Personnel Today published a piece yesterday by group production editor Tony Pettengell, entitled Are employees business’s greatest asset, or just their cheapest? The core of Tony Pettengell’s rant is the dramatic insight that technology has recently reduced people to button pushing minions.
I wrote about this last October, in a magazine article entitled Your boss doesn’t care about training, but let me summarise here where Tony gets it wrong.
Starting with the first plough, invention has always multiplied human endeavour: from the wheel to the spinning jenny to Scientific Management to IT. In the past, it was possible to use an invention to grow faster than neighbouring companies/economies by ensuring you had it and they didn’t. That was possible in a slower, less mobile world.
Now, however, the technology and processes of rapid growth are commodities, openly available in the marketplace. The only way for organisations to differentiate themselves is through their people and the unique difference they can make.
This means that everyone can do their job better by knowing what they’re doing and being engaged in it. It does not mean that, as Tony patronizingly puts it:
exploitable people with limited educations will still be essential, if only to drive buses, deliver parcels, clean toilets and pack boxes.
Despite Tony’s depiction of a Britain teaming with Untermensch, bus drivers and toilet cleaners need more education than he seems to realise.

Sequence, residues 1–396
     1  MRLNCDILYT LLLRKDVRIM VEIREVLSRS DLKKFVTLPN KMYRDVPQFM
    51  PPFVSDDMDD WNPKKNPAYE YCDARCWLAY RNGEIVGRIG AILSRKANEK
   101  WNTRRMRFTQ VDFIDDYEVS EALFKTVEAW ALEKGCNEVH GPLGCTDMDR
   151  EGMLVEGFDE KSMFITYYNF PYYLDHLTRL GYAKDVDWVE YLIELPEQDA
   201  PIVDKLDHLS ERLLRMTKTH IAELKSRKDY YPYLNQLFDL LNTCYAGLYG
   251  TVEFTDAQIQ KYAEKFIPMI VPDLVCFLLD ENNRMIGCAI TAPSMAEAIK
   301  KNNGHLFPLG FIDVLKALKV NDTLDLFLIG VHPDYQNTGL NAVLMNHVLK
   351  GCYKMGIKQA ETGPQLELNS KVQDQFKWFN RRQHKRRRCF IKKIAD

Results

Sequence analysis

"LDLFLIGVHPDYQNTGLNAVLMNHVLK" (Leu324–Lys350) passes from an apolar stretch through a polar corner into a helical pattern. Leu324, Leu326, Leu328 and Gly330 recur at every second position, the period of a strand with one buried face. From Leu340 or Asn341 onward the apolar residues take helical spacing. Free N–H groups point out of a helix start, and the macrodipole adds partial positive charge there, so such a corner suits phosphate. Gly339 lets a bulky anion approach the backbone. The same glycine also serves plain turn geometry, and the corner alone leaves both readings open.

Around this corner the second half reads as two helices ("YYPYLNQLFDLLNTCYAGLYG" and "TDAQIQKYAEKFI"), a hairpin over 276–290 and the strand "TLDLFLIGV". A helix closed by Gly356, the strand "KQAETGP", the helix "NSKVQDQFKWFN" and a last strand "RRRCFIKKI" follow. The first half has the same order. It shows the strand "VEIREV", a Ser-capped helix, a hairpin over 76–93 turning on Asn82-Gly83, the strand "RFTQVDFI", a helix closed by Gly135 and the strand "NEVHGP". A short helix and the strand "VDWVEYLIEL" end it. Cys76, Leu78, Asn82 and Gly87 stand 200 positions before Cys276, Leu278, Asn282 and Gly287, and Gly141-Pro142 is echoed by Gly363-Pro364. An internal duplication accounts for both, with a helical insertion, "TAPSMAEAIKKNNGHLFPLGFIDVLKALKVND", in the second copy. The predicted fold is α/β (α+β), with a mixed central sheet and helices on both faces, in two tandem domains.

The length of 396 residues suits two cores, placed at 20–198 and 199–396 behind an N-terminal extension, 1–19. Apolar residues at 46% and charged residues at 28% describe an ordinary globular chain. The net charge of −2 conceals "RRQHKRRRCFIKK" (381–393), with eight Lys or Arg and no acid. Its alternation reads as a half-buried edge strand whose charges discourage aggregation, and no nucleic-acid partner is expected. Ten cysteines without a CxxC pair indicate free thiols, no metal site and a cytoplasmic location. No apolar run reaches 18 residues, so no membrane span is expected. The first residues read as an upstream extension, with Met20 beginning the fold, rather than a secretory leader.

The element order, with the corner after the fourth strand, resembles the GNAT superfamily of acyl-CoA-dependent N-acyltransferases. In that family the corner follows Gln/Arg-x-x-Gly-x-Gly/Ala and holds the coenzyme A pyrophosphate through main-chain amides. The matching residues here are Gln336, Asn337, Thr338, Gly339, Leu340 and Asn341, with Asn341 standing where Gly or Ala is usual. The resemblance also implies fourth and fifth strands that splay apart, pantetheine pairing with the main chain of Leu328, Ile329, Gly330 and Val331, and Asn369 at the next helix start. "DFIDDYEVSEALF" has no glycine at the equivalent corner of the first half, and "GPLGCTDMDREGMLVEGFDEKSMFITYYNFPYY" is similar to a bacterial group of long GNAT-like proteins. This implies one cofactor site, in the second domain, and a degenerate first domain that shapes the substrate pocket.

If the HR community is not taken seriously, it is not for recognising that employees make the difference between success and failure. It is because they can’t back up their claims more substantially. However, stories of good talent management exist – see October’s Computer Weekly Insurer drives efficiencies with IT skills framework – and they are increasingly common. In this case, Norwich Union has improved efficiency in the IT department by altering its management structure and the development and deployment of its employees.
It is by quoting real life instances such as this, where success has been proven, that the HR community will be taken seriously in showing that people are our greatest asset. Another step in the right direction, of course, is to get the facts rights. Saying for example that –
In the private sector, at least, people are definitely not our greatest asset. They are, however, our cheapest.
– won’t win you any prizes with the CFO, not when payroll at the month end typically accounts for 60% of an organisation’s costs.
The challenge organisations face today is to make best use of their only asset which is not a commodity – the one that designed and built the inventions we rely on in the first place. People remain our greatest asset.
Disclosure: I am an Executive Director of InfoBasis, which provides skills management software to Norwich Union. That software, however, is not the subject of the article quoted.